Q: Where can I buy battens?
A: Your sail maker is the first stop. Because battens will require very specific measurements in length, taper, draft location and overall profile, it’s best to discuss with your sail maker. If you know exactly what you need, you can check with dealers or local sail makers on this page.
Q: What kind of battens do I need for my boat?
A: We wish it were as simple as Boat A = Battens X, Y and Z but of course this is never the case. We offer both E-glass and Carbon Epoxy batten stock in 6 different widths, and as many as 11 thicknesses per width to customize your sail’s profile and design to suit Optimists through Maxis. We don’t have any pre-built battens in stock and work with sail makers to customize each sail’s profile. We’re an OEM supplier to most of the major sail making groups throughout the world along with many smaller independent lofts. We have some general guidelines that we use based on boat size HERE, or if you’re lucky, you may find a general profile in our Boat Finder HERE.
Q: How much better is the RBS Powder Coated Flicker compared to standard crane or flicker battens?
A: Simply put, much better. When we first introduced our powder coated flicker battens many years ago, we’d conservatively estimated that the combination of our epoxy/E-glass batten stock, with the UV protection of a proprietary powder coating process would last roughly 3 times that of an un-coated, standard flicker. We were wrong. They’re proving to last much longer with the life span continuing to impress even us at this point.
Q: How do we fit the RBS Powder Coated Flickers, and what kind of hardware should we use?
A: Because we use our uni-directional E-glass epoxy batten material for our flickers as well, it is very important to drill through them properly. First, measure out and mark your holes on both sides of the flicker. Using a sharp (preferably carbide) bit to match your bolt diameter, drill through half way, flip the batten and drill through from the other side. This minimizes fiber blowout. Using a washer and standard bolt will do the trick from there. As far as hardware, we’d suggest researching a block or ring from companies like Harken, Ronstan or Antal depending on whether you’re using a wire, or fiber backstay. You can see more about the RBS Powdercoated Flickers HERE. (We also sell a high performance Dyneema SK99 dual braid 5mm backstay material from Alpha Ropes as well, ask or find dealers HERE).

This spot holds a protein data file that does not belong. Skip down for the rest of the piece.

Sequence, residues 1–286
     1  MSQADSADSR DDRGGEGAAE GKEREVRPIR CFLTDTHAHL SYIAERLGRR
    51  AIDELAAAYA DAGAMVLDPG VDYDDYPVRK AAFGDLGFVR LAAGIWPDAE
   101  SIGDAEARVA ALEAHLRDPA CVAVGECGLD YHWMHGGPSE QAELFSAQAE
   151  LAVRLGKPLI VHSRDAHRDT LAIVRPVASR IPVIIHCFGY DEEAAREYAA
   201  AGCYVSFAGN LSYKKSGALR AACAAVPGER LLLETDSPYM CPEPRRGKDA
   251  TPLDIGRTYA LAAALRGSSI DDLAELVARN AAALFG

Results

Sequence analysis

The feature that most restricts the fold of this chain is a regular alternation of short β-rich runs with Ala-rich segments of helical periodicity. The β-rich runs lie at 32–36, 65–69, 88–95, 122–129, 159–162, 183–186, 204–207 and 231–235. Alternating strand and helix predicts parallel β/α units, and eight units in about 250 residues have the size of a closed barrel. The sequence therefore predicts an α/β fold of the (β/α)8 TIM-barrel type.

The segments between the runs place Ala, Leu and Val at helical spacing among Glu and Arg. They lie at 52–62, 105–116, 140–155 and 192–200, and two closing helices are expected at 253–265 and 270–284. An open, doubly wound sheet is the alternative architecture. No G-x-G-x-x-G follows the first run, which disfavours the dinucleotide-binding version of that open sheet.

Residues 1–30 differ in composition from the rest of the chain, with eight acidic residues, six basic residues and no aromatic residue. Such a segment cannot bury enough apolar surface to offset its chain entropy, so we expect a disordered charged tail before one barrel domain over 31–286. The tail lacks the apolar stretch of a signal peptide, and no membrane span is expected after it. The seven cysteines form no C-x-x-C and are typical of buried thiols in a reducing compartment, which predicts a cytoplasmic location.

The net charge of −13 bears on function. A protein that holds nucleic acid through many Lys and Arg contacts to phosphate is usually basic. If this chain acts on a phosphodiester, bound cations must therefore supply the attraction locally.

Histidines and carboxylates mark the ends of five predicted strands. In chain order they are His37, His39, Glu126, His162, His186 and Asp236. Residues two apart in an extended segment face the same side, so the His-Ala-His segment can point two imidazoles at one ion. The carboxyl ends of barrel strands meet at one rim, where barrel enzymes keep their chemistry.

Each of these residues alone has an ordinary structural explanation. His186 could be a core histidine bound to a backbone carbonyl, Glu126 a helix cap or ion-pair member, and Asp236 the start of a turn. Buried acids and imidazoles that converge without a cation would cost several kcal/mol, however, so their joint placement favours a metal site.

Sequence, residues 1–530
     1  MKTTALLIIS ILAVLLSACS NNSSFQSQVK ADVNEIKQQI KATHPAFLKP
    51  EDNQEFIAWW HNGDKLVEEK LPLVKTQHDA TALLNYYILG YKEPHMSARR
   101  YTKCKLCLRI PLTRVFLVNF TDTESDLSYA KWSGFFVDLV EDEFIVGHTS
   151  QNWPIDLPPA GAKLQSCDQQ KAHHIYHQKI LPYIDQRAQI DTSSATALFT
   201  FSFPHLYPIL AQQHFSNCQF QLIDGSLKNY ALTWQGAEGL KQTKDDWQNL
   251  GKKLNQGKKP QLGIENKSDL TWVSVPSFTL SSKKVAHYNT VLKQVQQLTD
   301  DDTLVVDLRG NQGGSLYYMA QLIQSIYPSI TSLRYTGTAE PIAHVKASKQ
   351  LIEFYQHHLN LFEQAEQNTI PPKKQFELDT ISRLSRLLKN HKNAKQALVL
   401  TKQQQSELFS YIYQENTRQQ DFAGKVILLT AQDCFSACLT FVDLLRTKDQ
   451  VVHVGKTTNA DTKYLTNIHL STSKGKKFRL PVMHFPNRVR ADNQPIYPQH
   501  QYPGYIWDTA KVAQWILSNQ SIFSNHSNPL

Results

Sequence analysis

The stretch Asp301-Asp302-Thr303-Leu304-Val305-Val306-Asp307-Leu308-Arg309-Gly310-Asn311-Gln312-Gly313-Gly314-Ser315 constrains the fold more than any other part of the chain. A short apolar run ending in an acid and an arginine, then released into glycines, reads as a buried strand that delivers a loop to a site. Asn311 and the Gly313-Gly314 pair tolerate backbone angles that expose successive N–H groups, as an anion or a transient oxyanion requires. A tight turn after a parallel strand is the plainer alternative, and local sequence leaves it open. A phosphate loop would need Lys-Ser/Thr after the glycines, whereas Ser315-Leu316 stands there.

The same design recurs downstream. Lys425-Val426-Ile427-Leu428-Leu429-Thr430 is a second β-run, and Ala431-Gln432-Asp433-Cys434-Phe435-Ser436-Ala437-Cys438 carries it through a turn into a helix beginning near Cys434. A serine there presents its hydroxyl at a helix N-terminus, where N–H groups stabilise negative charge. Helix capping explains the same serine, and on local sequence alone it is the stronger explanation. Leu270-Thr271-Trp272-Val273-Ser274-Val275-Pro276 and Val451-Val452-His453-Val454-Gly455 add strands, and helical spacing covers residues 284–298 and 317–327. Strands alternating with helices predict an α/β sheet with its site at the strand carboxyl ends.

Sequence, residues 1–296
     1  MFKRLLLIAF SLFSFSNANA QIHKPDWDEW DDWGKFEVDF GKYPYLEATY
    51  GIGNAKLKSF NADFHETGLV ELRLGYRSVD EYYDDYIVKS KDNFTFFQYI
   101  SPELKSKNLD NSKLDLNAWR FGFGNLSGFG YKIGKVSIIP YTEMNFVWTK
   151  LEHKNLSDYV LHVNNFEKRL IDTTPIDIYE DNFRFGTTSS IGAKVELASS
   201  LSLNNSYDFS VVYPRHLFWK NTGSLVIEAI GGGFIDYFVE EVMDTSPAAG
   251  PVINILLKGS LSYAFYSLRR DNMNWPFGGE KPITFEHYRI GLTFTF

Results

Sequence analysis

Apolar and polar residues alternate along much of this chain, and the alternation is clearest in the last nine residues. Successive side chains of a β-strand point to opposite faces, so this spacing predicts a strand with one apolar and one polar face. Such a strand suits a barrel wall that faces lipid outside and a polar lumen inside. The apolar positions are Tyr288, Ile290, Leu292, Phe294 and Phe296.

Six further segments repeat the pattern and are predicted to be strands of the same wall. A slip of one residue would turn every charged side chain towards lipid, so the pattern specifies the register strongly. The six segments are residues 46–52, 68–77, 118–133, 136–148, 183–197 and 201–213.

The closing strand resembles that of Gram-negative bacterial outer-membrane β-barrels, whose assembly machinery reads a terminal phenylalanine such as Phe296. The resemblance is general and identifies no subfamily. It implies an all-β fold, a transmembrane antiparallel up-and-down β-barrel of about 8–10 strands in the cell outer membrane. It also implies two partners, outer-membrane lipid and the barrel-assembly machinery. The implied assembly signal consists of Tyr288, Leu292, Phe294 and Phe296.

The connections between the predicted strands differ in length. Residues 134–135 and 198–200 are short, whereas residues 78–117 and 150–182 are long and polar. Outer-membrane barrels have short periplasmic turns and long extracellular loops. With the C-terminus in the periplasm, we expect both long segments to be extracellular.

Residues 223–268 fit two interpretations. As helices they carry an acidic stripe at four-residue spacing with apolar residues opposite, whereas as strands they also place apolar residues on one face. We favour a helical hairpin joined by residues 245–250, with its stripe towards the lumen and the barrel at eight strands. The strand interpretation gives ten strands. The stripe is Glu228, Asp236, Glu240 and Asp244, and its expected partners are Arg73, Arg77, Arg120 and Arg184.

Q: What size RBS Powdercoated Epoxy Flicker Batten should I use?
A: Our general reference chart is:
20-25′ boat (J-70 or similar) – EPC15200/1200mm
22-28′ boat (M-24 or similar) – EPC15265/1200mm
28-35′ boat (M-32 or similar) – EPC15300/1700mm
30-35′ boat with need for wider profile (Selden Sm spec) – EPC19265/1200mm
35-45′ boat (Selden Med spec) – EPC19350/1400mm
45’+ boat (Selden Lg spec) – EPC19400/1800mm
If you have a heavy roach/fathead main, err on the size up if your hull length falls between two sizes.
Q: What is the RBS Batten Splice all about?
A: With seemingly no end in sight to climbing freight costs, we developed the RBS Batten Splice to do two things. Firstly, minimize shipping costs. Secondly, make handling and storing long full battens much easier. The RBS Batten Splice utilizes an amazingly strong, ballistic grade, E-glass integrated thermoplastic film which we hand build the housing to fit our batten stock perfectly. We build a scarf joint into the batten and fix the housing on one end. From there, it’s simply plug and play. We’ve had these in the wild for many years in both Carbon and E-glass battened sails, and have an amazingly small failure rate. Having said that, almost every failure we’ve seen has been due to improper use, or force that would have destroyed a normal non-spliced batten anyway. If inserted and used properly, the battens are actually stronger with the splice. You can see more about the RBS Batten Splice HERE. Our spliced battens and housings need to be created and fitted at the time of order. We cannot “add a splice” to an existing batten as we need to add length to account for our splice and overlap necessary to reach the final length of the finished batten.
Q: Horizontal Roller Furling battens? Really?
A: While there is some debate internally at RBS as to why we’ve even tried and continued to develop a tapered, roller batten, we have been able to produce a furling batten that actually supports the leech of the sail while allowing a nice soft entry by way of a specially designed taper created in the layup process. Keep in mind that we’re asking a batten to be two opposite things here for two physically opposing functions. Using our E-glass thermoplastic, we’ve designed a hand built, tapered roller batten that can marry performance with function. We strongly suggest removing rollers when not in use, avoiding keeping them stored while furled, and it is IMPERATIVE that they’re inserted and furled the proper way, according to instructions from your sailmaker. There are many ways that these can be used incorrectly, (and they will fail if used any of these ways) but only one proper way to insert and furl. If cared for properly, they can last multiple seasons. Every version of a roller batten has its own compromises. For us, we have three stiffness choices with the Light providing little shape and support comparatively, but will furl easily within a 3″ internal diameter, the Standard which will offer more support but can only furl to 4.5″ minimum internal diameter, or our Heavy designation which provides great leech support, but can only furl to 6″ minimum internal diameter, and may leave a tail. You can see more about the RBS Roller Battens as well as the proper use instructions HERE.